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Trump Forum Approval Poll (May 2018)

Trump Forum Approval Poll (May 2018)  

24 members have voted

  1. 1. I approve of Trump's presidency in the following areas.

    • His political appointments (non-judicial)
    • His judicial appointments
    • His handling of the media
    • His use of Twitter
    • His economic and trade policies
    • His handling of foreign affairs
    • His handling of the military and role as commander-in-chief
    • His handling of civil rights issues
    • His handling of the immigration issue
    • His criminal justice policy
    • His handling of labor and business
    • His handling of education policy
    • His handling of environmental and energy policy
    • His handling of finance and Wall Street
    • His use of rhetoric in speeches
    • His relations with his own party
    • His handling of Democrats
    • His handling of gun control policy
    • His responses to the Russian investigation
    • None of the above
  2. 2. Trump has exceeded my initial exceptions as a president

  3. 3. If North Korea and South Korea reach a truly lasting peace treaty, formally ending the war and establishing friendly relations, then Donald Trump should get the Nobel Peace Prize

    • Yes, this is a major peace-making breakthrough, similar to Carter's Camp David Accord.
    • Yes, as much as I disagree with almost everything that he does, he should at least be strongly considered.
    • No, that isn't enough to get the Nobel Prize
    • No, despite that, he is sowing too much discord elsewhere.


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20 minutes ago, LegolasRedbard said:

This. In the end I would say she did more harm than good. She was simply an agent of the rich, and her ties to dictators and fraudsters cast her integrity into doubt in my eyes.

Well, have you seen some of the other recipients? It makes you wonder. At least Le Duc Tho had the decency when a co-awardee in 1973 to decline it, admitting there was still no peace in Vietnam, unlike the other co-awardee, the soulless and morally-bankrupt war criminal Henry Kissinger, who had absolutely no problem taking it and calling it a day.

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1 hour ago, Patine said:

It's funny, isn't it, how U.S. politics works. If the a politician a given American dislikes or disagrees with does something obviously or arguably unconstitutional, they're immediately called out on it. But, if a politician they agree with or support does something unconstitutional, then they're "necessary measures," or claims of unconstitutionality are "partisan attacks on them," or other justifications, all the way up to people claiming unconstitutionality of such being "guilty of treason and should be executed summarily," (which I heard a few times back in the Bush era from Neo-Con pundits responding to people claiming Bush's actions were unconstitutional). So, in my viewpoint, the "such-and-such's actions are unconstitutional" card seems to have become just as purely partisan and of very little objective nature as most of other aspects of the U.S. political debate, nowadays, unfortunately.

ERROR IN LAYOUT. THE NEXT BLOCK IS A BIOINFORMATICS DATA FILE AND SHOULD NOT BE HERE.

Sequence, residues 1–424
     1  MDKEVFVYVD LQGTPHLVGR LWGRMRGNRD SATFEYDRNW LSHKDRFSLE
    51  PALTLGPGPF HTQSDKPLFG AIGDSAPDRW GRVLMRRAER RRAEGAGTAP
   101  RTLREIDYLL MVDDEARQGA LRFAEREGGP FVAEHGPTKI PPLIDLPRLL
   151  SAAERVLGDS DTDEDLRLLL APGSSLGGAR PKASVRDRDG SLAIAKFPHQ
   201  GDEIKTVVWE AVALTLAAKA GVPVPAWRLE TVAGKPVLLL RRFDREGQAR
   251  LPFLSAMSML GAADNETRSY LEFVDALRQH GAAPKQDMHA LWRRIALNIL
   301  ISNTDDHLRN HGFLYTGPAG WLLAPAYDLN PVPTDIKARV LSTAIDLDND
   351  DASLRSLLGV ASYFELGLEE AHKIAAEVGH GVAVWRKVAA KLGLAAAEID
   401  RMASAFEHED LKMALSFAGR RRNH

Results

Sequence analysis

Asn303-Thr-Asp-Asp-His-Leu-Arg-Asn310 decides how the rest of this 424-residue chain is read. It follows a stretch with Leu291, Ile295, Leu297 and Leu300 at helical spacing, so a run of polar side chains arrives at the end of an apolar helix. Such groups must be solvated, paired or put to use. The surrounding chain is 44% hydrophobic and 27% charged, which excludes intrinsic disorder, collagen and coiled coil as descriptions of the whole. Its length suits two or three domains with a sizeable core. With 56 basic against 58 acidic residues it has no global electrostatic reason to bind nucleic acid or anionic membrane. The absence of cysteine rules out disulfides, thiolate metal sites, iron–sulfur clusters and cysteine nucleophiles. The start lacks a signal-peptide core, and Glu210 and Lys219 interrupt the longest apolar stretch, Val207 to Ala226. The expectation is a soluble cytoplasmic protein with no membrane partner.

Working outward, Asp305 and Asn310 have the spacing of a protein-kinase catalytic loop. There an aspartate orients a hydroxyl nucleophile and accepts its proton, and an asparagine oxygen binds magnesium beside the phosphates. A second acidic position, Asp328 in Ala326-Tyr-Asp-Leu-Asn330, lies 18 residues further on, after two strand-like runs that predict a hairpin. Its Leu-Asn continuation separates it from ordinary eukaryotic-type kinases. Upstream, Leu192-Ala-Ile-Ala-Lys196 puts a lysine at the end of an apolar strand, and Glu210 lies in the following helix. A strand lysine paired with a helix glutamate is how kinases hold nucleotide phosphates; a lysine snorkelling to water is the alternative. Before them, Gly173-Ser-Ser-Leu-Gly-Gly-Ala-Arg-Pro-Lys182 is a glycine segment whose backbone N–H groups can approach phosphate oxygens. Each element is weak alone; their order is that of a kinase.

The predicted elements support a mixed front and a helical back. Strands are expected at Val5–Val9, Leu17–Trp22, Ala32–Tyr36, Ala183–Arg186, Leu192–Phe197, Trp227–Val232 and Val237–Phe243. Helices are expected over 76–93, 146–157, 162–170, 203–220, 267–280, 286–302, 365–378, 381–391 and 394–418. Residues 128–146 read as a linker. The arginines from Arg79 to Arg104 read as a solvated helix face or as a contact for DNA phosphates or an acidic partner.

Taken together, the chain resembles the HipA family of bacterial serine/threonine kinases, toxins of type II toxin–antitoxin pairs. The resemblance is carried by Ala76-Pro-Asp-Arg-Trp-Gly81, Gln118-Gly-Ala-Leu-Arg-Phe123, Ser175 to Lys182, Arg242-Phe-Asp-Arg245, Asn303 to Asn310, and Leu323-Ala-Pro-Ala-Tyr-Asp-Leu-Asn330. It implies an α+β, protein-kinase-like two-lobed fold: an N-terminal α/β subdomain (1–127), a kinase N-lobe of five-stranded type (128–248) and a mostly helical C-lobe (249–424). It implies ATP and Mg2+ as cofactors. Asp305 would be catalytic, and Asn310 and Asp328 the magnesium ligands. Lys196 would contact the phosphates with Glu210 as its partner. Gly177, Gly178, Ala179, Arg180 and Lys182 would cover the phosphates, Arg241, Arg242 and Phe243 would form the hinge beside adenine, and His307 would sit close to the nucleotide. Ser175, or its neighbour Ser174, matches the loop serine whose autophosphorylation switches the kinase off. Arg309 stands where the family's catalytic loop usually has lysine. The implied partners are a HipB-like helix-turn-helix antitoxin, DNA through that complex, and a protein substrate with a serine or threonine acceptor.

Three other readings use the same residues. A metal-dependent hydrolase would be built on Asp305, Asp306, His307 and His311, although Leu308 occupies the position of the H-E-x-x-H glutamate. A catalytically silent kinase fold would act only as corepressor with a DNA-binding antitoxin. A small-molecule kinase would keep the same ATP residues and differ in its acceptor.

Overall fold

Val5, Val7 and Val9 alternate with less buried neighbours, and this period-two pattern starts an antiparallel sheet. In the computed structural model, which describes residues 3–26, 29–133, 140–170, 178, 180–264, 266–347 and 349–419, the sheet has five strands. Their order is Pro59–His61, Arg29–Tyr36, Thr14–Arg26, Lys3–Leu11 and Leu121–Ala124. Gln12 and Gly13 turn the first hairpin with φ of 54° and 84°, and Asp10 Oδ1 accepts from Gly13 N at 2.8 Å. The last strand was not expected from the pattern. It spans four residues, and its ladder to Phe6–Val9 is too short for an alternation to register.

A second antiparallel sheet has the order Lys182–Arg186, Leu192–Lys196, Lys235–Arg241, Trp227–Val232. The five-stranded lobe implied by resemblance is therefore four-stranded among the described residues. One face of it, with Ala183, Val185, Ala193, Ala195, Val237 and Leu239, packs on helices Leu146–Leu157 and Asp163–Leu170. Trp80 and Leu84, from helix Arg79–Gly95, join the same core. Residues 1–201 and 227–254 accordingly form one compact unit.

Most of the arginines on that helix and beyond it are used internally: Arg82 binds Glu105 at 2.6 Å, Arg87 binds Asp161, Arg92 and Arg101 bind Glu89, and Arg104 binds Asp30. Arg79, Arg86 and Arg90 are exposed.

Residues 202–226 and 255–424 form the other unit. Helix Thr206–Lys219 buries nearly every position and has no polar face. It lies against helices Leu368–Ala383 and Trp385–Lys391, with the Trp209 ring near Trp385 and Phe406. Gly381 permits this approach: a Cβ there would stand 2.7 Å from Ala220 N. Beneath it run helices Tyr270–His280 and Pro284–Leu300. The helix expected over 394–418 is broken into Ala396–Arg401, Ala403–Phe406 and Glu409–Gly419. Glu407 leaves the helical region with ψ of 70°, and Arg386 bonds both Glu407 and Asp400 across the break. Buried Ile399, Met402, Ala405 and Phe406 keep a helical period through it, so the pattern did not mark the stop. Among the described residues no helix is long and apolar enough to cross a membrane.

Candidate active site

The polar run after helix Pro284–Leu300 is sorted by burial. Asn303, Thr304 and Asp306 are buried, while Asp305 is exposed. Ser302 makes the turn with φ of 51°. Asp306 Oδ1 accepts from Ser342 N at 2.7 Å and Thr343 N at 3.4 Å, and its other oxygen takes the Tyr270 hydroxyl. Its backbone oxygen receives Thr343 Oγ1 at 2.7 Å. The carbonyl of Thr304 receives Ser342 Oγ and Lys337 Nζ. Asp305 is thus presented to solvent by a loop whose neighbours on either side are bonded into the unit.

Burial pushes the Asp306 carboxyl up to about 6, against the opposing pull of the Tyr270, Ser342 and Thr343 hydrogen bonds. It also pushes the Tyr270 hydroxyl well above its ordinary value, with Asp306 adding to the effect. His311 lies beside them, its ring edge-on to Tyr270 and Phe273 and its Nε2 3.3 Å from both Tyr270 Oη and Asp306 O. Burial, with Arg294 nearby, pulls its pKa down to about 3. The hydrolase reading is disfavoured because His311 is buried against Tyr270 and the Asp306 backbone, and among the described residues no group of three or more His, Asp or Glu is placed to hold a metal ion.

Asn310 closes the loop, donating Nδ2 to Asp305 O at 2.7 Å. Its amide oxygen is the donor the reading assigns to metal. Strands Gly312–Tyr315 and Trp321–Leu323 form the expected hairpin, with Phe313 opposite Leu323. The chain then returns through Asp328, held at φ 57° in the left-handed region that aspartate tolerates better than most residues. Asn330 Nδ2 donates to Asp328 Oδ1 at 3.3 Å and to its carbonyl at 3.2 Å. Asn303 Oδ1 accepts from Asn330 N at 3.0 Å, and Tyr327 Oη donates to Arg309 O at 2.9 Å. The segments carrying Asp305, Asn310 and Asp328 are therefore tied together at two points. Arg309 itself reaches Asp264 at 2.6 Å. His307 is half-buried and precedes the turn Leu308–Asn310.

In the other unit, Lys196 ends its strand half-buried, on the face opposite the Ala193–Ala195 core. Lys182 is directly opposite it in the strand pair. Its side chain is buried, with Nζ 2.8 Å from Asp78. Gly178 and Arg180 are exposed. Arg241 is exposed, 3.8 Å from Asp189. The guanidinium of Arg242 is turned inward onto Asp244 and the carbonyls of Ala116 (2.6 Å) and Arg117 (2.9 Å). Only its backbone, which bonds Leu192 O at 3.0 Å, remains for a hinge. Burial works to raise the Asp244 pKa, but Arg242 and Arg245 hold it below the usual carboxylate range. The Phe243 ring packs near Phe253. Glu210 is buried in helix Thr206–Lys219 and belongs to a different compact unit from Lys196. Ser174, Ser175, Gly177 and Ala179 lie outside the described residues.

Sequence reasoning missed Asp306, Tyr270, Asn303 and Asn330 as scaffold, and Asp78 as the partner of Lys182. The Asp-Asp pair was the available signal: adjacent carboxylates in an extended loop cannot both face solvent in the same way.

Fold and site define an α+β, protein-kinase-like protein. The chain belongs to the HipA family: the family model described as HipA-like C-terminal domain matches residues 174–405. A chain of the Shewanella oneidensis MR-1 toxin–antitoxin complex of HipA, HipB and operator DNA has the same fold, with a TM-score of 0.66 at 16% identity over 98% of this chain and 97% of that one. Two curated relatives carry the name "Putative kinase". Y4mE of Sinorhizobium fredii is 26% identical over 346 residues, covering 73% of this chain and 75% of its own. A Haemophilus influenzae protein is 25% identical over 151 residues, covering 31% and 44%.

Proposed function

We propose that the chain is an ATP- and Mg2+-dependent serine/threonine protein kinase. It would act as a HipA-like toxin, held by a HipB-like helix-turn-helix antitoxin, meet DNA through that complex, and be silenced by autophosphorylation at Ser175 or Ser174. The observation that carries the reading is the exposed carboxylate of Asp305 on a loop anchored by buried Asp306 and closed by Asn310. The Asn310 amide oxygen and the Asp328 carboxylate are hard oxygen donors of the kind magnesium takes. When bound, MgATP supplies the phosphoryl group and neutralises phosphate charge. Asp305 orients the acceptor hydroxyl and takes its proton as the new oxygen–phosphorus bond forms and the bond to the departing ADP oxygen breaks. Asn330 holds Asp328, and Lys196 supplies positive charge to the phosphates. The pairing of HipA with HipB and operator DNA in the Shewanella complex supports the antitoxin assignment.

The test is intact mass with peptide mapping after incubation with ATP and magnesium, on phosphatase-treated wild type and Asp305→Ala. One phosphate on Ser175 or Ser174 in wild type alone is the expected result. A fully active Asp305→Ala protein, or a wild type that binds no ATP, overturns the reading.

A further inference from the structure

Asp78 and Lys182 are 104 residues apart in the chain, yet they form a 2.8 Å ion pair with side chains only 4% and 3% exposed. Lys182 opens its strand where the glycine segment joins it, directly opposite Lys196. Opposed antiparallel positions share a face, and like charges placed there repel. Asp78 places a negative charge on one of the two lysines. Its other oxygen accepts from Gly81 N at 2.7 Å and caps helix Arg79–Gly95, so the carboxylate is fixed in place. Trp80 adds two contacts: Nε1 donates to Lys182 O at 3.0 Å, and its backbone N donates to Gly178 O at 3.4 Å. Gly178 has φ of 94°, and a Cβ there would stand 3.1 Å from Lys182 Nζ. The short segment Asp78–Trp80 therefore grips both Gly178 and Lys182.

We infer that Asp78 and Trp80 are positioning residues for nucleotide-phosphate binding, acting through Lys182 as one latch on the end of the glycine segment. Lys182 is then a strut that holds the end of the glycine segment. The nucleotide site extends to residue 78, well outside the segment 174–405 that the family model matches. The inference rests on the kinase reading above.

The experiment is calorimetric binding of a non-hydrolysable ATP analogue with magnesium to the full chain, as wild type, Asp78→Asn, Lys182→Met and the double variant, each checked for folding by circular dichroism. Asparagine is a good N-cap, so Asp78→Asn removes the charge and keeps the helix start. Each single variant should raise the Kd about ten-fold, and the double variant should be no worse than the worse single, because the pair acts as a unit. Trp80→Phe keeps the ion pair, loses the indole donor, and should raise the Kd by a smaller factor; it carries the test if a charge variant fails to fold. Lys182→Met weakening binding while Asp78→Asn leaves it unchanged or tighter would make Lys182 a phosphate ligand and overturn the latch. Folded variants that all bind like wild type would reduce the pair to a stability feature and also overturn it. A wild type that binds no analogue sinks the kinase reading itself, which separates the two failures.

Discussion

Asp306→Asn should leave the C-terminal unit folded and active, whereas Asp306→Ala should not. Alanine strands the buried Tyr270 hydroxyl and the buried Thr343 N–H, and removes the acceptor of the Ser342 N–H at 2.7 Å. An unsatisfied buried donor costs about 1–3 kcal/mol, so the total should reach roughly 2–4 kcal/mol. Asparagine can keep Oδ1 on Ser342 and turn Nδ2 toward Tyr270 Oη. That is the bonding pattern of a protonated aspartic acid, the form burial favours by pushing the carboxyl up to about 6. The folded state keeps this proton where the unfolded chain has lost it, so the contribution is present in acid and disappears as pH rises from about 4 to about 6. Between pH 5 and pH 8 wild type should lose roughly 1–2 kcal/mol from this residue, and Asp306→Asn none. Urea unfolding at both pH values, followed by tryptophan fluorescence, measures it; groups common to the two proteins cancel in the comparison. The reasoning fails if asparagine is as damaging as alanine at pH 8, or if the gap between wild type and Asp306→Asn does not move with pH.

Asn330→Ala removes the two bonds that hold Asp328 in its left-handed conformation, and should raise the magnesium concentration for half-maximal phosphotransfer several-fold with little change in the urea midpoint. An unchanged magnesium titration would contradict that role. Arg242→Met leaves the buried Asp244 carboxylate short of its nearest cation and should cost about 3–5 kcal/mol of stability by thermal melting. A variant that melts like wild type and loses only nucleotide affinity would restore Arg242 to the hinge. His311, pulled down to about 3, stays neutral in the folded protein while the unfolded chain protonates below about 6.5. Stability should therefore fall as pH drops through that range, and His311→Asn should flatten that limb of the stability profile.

Trump hasn't really pushed his authority quite so much unlike Bush and Obama. I did deliniate why it was unconstitutional.

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1 minute ago, NYrepublican said:

Trump hasn't really pushed his authority quite so much unlike Bush and Obama. I did deliniate why it was unconstitutional.

Don't single out just Bush and Obama. It's arguably been every single U.S. President, Republican or Democrat, after Grover Cleveland. But, partisan biases tend to soften the blow of criticism for personal favourites and partisan darlings in historical viewpoints in the U.S. today, I've noticed.

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On 5/2/2018 at 10:53 AM, Patine said:

And to think, Mohandas Gandhi and Martin Luther King, jr. never got one.

Actually MLK did get a Nobel Peace Prize, in 1964 to be exact.

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